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Hijacked isn’t the best for objective-based modes because of its layout (I believe one of the points is set in the incredibly small boiler room, which often leads to a grenade fest that isn’t fun for anyone), but a few rounds of Team Deathmatch on this superyacht can be an absolute blast.

Buy Call of Duty: Black Ops 2: Amazon 

A wide look at the Rust map, which features a multi-tier oil rig at its center.

You knew this was coming. Rust, a Modern Warfare 2 map set on an oil yard, may be best known as the ultimate map for 1v1 call-outs, but it’s also yet another Call of Duty map that feels like its designers wanted to let players loose on a nearly too-small map and sit back and watch as chaos ensues. There will be players who believe this chaos to be a bad thing, and there will be players who embrace it—I am in the latter camp, and though it can be frustrating to die to someone camping at the tippy top of Rust’s tower, when the roles are reversed you can enjoy an almost a God-like sense of power.

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This map is controversial, but if you’re looking to play any smaller-sided matches (1v1, 2v2, even 3v3), you’ll be hard-pressed to find a better battlefield than Rust.

Buy Call of Duty Modern Warfare 2: Amazon | Best Buy | GameStop

An aerial view of the Raid map shows off the fancy Hollywood Hills mansion on which its set.

I love when Call of Duty somewhat rudely reminds me of my economic standing by setting a map in a place I could never afford to step foot, but then lets me fuck up everything on that map with bullets and explosives. Class solidarity!

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Raid, which debuted in Black Ops 2, is set in a giant mansion in the Hollywood Hills, where FBI agents are facing off against Mercs and destroying this expensive home in the process. There are some nice long sightlines for snipers, but plenty of smaller interior spaces set up some fantastic close-quarters firefights.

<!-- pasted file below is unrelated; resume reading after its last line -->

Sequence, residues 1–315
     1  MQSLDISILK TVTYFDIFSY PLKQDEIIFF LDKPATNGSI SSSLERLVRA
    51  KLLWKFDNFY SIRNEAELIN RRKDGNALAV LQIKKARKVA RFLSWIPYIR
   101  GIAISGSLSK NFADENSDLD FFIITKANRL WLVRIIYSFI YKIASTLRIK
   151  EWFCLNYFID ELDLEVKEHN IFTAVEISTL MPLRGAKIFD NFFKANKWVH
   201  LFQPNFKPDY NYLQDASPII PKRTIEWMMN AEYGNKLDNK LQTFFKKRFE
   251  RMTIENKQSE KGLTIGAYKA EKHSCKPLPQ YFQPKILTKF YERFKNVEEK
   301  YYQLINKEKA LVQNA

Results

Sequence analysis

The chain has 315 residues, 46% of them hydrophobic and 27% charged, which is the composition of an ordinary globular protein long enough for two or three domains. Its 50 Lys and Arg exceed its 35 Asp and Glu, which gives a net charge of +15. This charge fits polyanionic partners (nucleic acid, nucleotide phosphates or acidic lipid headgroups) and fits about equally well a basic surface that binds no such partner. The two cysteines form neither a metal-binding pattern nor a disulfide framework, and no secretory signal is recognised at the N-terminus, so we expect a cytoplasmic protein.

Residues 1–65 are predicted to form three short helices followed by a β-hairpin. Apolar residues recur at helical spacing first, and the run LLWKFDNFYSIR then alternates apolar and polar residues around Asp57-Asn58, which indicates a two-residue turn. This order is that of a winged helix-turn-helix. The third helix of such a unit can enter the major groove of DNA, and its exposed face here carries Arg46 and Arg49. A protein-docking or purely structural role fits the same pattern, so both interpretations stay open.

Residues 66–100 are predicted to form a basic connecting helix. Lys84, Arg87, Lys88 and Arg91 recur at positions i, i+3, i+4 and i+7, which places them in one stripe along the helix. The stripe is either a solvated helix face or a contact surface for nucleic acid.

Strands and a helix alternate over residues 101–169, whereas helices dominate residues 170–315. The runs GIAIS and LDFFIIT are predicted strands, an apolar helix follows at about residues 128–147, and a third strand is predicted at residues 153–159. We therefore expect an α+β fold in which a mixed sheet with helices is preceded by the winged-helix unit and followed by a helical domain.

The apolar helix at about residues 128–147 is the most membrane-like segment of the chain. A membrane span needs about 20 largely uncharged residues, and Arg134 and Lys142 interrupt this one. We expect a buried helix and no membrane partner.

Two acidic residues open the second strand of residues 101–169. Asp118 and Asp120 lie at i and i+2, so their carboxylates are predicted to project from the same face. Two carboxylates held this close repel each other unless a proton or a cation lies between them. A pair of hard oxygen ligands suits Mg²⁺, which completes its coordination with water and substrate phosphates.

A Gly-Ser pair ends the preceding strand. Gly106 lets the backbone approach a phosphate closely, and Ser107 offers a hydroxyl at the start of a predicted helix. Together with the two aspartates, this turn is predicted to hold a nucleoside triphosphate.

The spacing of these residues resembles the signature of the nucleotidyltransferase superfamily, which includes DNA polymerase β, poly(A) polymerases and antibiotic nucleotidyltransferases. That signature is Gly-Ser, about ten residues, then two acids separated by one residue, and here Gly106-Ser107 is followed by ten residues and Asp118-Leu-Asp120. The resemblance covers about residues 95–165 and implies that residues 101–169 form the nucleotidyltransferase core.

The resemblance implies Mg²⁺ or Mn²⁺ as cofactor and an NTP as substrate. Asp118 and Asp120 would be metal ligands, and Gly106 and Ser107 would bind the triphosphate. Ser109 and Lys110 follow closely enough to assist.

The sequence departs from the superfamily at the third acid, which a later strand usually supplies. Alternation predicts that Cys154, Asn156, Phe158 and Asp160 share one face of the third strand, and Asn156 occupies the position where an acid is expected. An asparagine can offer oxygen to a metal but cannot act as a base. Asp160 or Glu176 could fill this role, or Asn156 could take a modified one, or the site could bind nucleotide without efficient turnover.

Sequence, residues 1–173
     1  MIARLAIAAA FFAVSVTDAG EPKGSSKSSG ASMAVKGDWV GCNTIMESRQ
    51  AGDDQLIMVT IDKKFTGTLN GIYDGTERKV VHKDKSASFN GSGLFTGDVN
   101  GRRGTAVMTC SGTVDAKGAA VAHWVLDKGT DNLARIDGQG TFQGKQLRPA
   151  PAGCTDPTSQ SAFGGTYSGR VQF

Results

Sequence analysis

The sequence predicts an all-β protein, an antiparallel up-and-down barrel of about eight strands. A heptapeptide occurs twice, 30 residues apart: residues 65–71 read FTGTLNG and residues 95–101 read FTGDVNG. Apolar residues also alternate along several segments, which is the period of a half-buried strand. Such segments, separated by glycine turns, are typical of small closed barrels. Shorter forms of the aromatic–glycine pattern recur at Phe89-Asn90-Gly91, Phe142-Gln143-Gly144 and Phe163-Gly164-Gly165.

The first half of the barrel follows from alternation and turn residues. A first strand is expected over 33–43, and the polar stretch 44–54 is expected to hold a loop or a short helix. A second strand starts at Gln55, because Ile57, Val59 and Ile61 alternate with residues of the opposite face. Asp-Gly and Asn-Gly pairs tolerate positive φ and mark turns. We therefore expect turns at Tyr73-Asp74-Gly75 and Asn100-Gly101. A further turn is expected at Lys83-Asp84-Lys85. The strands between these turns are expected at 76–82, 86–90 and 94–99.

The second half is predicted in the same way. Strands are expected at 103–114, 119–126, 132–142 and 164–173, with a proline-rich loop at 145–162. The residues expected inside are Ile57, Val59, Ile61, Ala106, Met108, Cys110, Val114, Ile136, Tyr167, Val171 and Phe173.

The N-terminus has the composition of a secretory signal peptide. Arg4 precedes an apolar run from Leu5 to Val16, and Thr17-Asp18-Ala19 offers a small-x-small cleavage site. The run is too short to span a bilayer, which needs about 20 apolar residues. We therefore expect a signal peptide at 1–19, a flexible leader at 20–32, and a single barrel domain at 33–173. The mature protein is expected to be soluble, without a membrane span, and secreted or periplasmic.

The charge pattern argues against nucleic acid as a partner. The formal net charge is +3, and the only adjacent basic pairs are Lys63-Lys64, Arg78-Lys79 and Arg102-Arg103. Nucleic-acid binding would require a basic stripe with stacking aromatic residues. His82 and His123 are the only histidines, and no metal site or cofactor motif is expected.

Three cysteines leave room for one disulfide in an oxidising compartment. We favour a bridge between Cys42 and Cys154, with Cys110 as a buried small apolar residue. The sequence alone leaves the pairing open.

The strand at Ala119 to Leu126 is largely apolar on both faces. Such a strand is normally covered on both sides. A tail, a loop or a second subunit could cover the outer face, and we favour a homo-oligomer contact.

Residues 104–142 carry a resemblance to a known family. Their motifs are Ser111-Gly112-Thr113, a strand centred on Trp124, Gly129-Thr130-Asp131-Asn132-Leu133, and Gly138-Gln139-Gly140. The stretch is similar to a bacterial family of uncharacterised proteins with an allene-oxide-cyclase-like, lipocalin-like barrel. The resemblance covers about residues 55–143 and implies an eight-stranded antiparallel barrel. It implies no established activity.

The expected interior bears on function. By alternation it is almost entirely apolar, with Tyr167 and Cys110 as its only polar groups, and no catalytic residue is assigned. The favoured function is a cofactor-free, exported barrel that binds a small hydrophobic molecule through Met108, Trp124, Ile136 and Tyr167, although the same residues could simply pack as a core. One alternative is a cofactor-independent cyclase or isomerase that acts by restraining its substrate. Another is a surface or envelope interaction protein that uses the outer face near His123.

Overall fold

While people have pointed out that the layout of this sprawling mansion makes no sense (the master bedroom is detached from the rest of the house, the kitchen requires you to go outside to reach it, and its “panic room” has a window you can crawl through), I’m not planning on living in this house, just killing people in it.

Buy Call of Duty: Black Ops 2: Amazon 

Call of Duty's firing range map is shown, with an abandoned humvee at its center and hastily erected buildings surrounding it.

Yes, this is technically another small map, but I’d argue that there’s also room for medium-range weapons when playing on Firing Range, which debuted with 2010’s Black Ops (just no snipers, unless you’ve got a variable scope). Firing Range has wooden house-type structures that everyone always fights to control, a tall tower in the center that is dangerous to try and scale, an RV-style building that often gets bombed out, and dirt paths connecting the main structures. Both teams spawn so closely together that you can often throw a grenade straight out of the gate that will land at the opposing team’s feet, taking one or two enemies with it.

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Firing Range is the kind of map that’s essentially just an endless battle to hold one of two buildings—a tire-lined mini-maze and proper firing range on the west side of the map are virtually ignored, as everyone always fights over the central and eastern spots. It’s chaotic, of course, but almost always a good time.

Buy Call of Duty: Black Ops: Amazon | GameStop